Born into slavery in 1746 in Sussex County, Delaware, of African-American parents, Absalom Jones was sold at age sixteen to a shopkeeper from Philadelphia. As an industrious and hard worker, Mr. Wynkoop allowed Absalom to work independently at night and to study. Attending a free school during the evenings, Absalom learned to read and write. He had a particular fascination for the Bible, which he studied for hours. Married in 1770, he purchased his wife’s freedom by 1778 and then his own several years later.
A dynamic person, with the help of Richard Allen, Absalom Jones and Allen helped to establish a worshipping black congregation that assembled at Saint George’s, a Methodist Church. They were licensed as preachers by 1784. While some might have held at the time that it was forward thinking at for the established congregation to allow African-Americans to join at worship, some of the white congregants were uncomfortable, and a choice was made that persons of color were relegated to the upper gallery of the Church, where it was hoped that they might remain rather much out of sight and therefore out of mind. It is said that Allen and Jones were informed of this decision during a prayer, at which time an usher tapped them on the shoulder and told them to move to the gallery.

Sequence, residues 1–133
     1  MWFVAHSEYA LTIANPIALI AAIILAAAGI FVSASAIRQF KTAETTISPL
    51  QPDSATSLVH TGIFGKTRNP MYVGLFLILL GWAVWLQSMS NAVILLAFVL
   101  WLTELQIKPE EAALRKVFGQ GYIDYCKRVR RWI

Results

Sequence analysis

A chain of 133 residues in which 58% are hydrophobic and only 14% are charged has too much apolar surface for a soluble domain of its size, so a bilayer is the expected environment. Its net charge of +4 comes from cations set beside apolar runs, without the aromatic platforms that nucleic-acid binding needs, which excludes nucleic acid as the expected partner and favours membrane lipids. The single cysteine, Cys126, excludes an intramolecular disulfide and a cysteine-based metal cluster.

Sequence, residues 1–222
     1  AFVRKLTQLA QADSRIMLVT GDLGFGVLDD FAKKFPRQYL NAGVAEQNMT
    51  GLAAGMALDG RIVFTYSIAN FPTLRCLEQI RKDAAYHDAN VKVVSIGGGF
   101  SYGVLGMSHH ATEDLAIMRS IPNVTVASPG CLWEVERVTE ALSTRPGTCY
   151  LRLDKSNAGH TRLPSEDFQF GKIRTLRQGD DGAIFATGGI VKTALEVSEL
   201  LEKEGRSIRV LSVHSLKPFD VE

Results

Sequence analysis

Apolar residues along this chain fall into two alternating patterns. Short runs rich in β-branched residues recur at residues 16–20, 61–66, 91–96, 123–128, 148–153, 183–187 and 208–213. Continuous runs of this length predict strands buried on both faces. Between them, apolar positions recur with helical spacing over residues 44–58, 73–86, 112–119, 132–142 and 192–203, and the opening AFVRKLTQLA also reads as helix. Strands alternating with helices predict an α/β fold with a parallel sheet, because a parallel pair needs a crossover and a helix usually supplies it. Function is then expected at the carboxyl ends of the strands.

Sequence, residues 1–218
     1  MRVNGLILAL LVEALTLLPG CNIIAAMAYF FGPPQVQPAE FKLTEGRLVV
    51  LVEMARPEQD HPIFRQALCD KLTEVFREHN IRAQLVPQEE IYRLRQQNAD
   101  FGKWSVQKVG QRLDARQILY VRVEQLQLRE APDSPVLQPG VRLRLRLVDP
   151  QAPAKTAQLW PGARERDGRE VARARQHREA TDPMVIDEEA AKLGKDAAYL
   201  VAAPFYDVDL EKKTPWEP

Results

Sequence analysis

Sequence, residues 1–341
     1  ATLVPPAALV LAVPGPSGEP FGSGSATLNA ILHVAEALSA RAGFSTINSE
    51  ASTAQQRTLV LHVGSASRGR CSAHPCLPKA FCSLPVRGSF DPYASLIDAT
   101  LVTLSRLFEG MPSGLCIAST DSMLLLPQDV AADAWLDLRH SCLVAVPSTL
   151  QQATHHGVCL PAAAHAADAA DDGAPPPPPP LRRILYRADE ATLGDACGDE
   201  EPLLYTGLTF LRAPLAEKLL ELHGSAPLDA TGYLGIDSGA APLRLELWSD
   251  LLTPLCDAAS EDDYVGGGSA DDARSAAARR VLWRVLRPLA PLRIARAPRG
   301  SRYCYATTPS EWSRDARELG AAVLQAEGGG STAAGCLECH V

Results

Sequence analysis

As a consequence, Allen and Jones and their followers left Saint George’s. Allen became known as the founder of the AME (African Methodist Episcopal Church; Absalom Jones became an Episcopal Priest. He established the first black Episcopal Church in the fledgling United States. Ordained Deacon by William White, the first Bishop of Pennsylvania in 1795, and Priest on Saint Matthew’s Day,1802, Absalom Jones became the founder of Saint Thomas Episcopal Church in Philadelphia, a worshiping congregation that flourishes to this present day.
He and Allen continued to collaborate: they petitioned Congress and the State Legislature to abolish slavery in 1800; Absalom Jones was known as both an orator, but beloved for his skill and care expressed in pastoral care.
We celebrate Absalom Jones Day on February 13th, the day he departed this life in the year 1818.
This year we observed our first ever Absalom Jones Commemoration in the context of the Saturday Evening Mass, February 11th at 7 PM.